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Special Issue "Biological In Vitro Models"

A special issue of Sci (ISSN 2413-4155).

Deadline for manuscript submissions: closed (20 November 2021) | Viewed by 6311

Special Issue Editor

Prof. Dr. Eleonore Fröhlich
E-Mail Website
Guest Editor

Special Issue Information

Dear Colleagues,

Biological testing of medicines and environmental toxins traditionally begins with cell culture and continues with animal experiments, usually in small laboratory rodents. Animal studies, compared to conventional cell culture, have the advantage of more realistic exposure conditions and the ability to evaluate effects on more cell types and on their interaction. Animal experiments are considered the gold standard for biological testing.

Better knowledge of inter-species differences in physiology, particularly regarding the immune system; directives issued by authorities like the European Union to replace animal experimentation; and the development of more physiologically relevant cell culture models will change the currently used tiered testing strategies. It is expected that the role of in silico techniques and cellular models will increase in comparison to animal experiments.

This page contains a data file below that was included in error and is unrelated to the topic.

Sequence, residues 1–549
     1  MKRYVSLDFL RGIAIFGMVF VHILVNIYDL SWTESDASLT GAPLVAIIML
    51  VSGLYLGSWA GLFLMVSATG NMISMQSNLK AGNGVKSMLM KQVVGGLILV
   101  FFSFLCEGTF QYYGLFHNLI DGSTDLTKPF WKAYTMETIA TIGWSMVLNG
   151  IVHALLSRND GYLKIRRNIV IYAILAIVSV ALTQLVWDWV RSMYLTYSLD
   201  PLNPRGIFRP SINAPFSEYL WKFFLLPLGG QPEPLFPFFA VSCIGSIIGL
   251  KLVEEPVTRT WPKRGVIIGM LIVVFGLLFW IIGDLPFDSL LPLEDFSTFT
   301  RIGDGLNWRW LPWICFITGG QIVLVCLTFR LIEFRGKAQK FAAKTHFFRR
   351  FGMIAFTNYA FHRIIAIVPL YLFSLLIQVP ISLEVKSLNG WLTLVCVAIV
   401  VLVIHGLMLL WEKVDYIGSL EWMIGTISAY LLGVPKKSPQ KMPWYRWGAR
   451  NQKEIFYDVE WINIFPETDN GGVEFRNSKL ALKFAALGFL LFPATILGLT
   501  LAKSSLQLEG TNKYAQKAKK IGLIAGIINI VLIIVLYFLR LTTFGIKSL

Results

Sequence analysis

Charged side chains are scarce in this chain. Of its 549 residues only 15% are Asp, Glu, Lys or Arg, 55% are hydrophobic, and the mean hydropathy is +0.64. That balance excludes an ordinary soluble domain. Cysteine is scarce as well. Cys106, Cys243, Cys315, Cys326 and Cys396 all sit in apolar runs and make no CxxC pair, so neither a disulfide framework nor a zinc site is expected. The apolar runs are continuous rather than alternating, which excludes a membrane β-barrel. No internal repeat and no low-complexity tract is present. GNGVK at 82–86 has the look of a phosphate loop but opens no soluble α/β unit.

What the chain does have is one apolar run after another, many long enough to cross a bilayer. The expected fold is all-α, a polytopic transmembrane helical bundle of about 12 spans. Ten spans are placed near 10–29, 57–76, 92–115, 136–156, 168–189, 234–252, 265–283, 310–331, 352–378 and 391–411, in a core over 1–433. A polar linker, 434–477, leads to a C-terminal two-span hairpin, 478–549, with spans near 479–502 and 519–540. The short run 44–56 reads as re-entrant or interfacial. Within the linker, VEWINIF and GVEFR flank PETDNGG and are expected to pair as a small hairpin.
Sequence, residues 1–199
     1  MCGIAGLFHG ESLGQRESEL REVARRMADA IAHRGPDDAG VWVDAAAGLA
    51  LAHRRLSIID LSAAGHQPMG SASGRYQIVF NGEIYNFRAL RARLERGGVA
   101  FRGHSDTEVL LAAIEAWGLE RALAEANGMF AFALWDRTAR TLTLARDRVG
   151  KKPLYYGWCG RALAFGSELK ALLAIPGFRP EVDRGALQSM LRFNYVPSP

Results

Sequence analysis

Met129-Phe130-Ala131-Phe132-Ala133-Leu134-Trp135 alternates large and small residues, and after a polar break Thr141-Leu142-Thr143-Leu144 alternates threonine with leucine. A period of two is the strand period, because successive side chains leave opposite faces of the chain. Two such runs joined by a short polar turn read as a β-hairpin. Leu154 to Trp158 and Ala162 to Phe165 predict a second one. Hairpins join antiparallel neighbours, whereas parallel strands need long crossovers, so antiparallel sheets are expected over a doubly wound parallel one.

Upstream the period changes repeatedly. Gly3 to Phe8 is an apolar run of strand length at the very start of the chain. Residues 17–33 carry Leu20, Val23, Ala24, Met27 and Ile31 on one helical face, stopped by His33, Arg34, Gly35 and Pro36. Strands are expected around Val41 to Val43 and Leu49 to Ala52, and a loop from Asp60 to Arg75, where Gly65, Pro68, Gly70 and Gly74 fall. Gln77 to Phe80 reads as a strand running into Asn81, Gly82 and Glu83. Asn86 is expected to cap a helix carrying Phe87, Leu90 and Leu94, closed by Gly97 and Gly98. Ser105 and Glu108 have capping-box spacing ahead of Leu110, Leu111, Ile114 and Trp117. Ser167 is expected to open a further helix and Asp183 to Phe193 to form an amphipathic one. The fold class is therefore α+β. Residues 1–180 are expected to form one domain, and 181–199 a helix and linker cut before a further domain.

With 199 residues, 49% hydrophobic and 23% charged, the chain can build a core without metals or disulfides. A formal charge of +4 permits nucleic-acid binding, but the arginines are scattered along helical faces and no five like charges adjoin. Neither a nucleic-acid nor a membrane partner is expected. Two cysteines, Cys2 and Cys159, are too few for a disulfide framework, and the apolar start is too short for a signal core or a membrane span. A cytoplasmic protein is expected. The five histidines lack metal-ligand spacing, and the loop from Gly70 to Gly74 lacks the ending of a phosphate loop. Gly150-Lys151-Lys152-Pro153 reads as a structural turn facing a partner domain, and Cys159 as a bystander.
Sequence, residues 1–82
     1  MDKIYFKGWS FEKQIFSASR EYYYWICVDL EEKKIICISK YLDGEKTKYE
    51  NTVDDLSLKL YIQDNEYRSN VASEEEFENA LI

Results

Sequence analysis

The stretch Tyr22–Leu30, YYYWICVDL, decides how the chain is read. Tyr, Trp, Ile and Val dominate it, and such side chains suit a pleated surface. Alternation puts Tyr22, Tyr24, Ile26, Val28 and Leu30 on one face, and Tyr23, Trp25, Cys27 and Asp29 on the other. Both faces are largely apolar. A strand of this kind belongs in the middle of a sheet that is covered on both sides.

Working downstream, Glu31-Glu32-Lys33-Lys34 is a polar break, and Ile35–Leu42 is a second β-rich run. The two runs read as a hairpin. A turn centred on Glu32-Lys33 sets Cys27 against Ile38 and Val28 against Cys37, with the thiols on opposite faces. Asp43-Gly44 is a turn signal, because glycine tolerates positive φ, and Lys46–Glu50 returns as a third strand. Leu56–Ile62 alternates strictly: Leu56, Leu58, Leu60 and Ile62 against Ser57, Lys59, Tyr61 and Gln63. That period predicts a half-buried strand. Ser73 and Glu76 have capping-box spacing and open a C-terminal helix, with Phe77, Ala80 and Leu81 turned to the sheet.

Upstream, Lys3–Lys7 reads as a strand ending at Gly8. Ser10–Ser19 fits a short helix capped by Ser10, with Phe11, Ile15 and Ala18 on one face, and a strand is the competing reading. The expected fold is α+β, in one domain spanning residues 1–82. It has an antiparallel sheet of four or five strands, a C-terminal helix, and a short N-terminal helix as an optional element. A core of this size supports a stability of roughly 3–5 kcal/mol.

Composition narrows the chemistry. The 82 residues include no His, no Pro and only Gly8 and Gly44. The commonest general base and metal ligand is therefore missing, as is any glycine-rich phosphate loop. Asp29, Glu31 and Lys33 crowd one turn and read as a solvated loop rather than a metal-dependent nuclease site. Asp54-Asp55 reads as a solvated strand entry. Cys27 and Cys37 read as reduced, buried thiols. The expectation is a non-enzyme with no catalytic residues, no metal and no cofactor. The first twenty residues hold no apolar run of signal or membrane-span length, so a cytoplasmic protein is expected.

This Special Issue invites submissions on the topic of cellular testing, including but not limited to the comparison between different in vitro models, correlation of in vitro and in vivo models, analytical tools for evaluation of cellular processes, and development of advanced (e.g. dynamic, 3D models, co-culture) in vitro models.

Prof. Eleonore Fröhlich
Guest Editor

Manuscript Submission Information